Garbacz, S. A., McIntyre, L. L., Stormshak, E. A., & Kosty, D. B. (in press). The efficacy of the Family Check-Up on children’s emotional and behavior problems in early elementary school. Journal of Emotional and Behavioral Disorders.
Garbacz, S. A., Stormshak, E. A., McIntyre, L. L., & Kosty, D. B. (in press). Examining family-school engagement in a randomized controlled trial of the Family Check-Up. School Psychology Quarterly. DOI: 10.1037/spq0000284
Shahidullah, J. D., Azad, G. F., Mezher, K., McClain Verdoes, M. E., & McIntyre, L. L. (2018). Linking the medical and educational home to support children with autism spectrum disorder: Practice recommendations. Clinical Pediatrics. DOI: 10.1177/0009922818774344
Kurtz-Nelson, E. & McIntyre, L. L. (2017). Optimism and positive and negative feelings in Parents of young children with developmental delays. Journal of Intellectual Disability Research. doi: 10.1111/jir.12378
McIntyre, L. L., Pelham, W. E., III, Kim, M. H., Dishion, T. J., Shaw, D., & Wilson, M. (2017). A brief measure of language skills at age three and special education use in middle childhood. Journal of Pediatrics, 181, 189–194. doi: 10.1016/j.jpeds.2016.10.035.
Felver, J. C., Jones, R., Killam, M., Kryger, C., Race, K., & McIntyre, L. L. (2017). Contemplative intervention reduces physical interventions for children in residential psychiatric treatment. Prevention Science, 18(2). doi: 10.1007/s11121-016-0720-x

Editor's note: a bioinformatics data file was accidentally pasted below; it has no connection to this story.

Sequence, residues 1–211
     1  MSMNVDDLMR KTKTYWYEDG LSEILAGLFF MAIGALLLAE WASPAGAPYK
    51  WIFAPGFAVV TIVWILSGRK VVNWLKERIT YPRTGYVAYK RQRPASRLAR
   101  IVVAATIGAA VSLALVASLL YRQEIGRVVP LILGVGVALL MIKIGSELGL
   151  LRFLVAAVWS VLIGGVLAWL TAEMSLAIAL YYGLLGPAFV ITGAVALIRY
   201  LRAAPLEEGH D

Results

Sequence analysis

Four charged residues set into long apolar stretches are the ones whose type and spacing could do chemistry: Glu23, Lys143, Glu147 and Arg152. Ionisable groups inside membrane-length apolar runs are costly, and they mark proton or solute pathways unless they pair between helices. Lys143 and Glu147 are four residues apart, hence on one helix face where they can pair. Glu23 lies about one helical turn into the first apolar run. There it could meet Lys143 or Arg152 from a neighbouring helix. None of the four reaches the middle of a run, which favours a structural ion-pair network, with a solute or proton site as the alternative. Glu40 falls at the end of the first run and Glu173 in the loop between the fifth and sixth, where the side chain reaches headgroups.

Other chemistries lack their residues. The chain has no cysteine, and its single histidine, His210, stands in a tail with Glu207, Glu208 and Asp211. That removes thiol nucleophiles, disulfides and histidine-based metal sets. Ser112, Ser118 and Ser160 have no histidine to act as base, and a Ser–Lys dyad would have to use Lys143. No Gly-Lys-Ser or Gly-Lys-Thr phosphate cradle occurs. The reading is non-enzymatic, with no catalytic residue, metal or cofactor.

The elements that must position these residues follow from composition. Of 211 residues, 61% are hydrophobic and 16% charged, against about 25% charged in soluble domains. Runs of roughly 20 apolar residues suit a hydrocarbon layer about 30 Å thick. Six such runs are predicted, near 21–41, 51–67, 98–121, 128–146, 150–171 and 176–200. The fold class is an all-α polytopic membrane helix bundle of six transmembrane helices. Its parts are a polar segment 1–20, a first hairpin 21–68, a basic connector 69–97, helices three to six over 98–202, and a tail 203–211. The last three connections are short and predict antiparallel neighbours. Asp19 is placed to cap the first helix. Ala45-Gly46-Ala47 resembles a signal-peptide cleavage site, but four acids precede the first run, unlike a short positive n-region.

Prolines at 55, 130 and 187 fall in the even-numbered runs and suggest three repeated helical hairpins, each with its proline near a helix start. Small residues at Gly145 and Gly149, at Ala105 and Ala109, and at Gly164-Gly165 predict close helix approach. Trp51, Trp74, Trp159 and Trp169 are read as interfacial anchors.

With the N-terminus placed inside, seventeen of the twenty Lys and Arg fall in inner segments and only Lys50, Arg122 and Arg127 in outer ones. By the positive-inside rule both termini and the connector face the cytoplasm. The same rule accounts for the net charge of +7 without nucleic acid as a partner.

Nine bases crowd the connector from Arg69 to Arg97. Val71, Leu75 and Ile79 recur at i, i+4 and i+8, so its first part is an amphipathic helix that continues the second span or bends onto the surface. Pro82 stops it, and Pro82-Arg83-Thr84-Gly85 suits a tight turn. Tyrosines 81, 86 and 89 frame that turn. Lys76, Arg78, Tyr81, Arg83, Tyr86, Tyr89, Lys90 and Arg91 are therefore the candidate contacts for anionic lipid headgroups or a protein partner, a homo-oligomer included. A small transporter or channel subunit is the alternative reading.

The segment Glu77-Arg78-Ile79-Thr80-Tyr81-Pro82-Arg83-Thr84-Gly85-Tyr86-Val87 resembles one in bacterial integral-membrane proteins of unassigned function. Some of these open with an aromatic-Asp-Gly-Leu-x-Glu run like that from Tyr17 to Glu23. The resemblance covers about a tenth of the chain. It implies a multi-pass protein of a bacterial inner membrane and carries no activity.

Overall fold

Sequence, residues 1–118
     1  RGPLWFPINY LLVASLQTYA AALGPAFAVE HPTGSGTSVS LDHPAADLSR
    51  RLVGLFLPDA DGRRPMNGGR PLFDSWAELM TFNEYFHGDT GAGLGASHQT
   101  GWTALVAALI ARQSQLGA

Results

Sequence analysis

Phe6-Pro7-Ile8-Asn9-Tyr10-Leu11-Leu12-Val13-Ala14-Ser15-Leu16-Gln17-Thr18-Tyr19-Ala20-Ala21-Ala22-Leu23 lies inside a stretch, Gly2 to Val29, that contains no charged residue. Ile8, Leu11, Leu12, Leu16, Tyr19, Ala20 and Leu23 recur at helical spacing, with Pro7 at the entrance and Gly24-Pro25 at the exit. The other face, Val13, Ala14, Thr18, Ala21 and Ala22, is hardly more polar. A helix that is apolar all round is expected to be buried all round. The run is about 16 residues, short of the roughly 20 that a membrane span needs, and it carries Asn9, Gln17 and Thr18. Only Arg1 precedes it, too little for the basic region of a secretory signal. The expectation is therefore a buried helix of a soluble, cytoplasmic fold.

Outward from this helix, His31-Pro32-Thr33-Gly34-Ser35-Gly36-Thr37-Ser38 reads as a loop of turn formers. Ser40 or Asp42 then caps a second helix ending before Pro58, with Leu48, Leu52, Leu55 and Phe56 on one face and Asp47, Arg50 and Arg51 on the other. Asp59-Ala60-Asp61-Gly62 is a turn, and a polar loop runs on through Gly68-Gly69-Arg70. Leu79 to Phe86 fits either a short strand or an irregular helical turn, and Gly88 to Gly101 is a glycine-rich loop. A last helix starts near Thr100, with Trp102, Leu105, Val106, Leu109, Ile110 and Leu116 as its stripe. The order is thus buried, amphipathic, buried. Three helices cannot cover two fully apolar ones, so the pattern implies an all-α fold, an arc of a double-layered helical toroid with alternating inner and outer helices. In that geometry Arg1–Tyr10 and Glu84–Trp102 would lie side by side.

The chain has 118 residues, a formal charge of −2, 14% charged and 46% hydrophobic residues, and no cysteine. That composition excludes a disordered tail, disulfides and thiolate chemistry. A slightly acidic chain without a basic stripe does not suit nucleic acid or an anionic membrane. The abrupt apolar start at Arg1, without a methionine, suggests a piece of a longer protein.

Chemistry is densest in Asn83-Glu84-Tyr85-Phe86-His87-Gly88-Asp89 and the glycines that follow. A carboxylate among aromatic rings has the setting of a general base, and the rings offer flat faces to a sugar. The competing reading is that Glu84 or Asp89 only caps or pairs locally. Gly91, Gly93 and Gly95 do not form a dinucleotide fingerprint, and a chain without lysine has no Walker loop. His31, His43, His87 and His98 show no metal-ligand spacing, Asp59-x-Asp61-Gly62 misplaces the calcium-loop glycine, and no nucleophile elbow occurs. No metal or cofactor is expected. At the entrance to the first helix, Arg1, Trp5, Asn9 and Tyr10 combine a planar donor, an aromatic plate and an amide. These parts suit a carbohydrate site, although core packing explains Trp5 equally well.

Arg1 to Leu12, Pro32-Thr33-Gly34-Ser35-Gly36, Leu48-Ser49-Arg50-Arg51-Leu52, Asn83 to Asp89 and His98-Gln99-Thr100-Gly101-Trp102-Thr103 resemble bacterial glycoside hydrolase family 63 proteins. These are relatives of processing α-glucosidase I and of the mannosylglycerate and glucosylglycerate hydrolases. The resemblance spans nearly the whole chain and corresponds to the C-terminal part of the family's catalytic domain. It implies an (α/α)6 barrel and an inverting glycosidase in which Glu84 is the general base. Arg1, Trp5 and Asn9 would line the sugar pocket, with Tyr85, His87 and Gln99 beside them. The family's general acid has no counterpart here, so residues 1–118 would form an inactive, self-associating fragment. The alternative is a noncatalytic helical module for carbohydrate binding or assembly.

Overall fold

Crnic, K. A., Neece, C. L., McIntyre, L. L., Blacher, J., & Baker, B. L. (2017). Intellectual disability and devevlopmental risk: Promoting interventions to improve child and family well-being. Child Development. doi: 10.1111/cdev.12740
Laura Lee McIntyre's research involves early identification and treatment of childhood developmental and behavioral problems, with an emphasis on the multiple systems of care that support children (e.g., families, schools, healthcare). Within this broad framework, three specific lines of research emerge: (1) Parent training, education, and support, (2) transition to kindergarten, and (3) child risk factors and family well-being.
Over the past 20 years, McIntyre's work has focused on understanding and promoting parent and child well-being in families with children with developmental delays or disabilities, including autism spectrum disorder. Her professional background blends the fields of school psychology, special education, and pediatric child clinical psychology and centers on the early identification and treatment of childhood developmental and behavioral problems. Her work emphasizes developing parent–professional partnerships and working with a variety of caregivers who support children. She is especially interested in early intervention and prevention work with families who have young children with developmental problems who are at risk for negative social, emotional, and behavioral outcomes at home and at school. She has funding from the Eunice Kennedy Shriver National Institute of Child Health and Human Development (NIH/NICHD), the National Institute of Mental Health (NIMH), the National Institute of Disability, Independent Living, and Rehabilitation Research (NIDILRR), and the U.S. Department of Education/Institute of Education Sciences (IES) to support this work.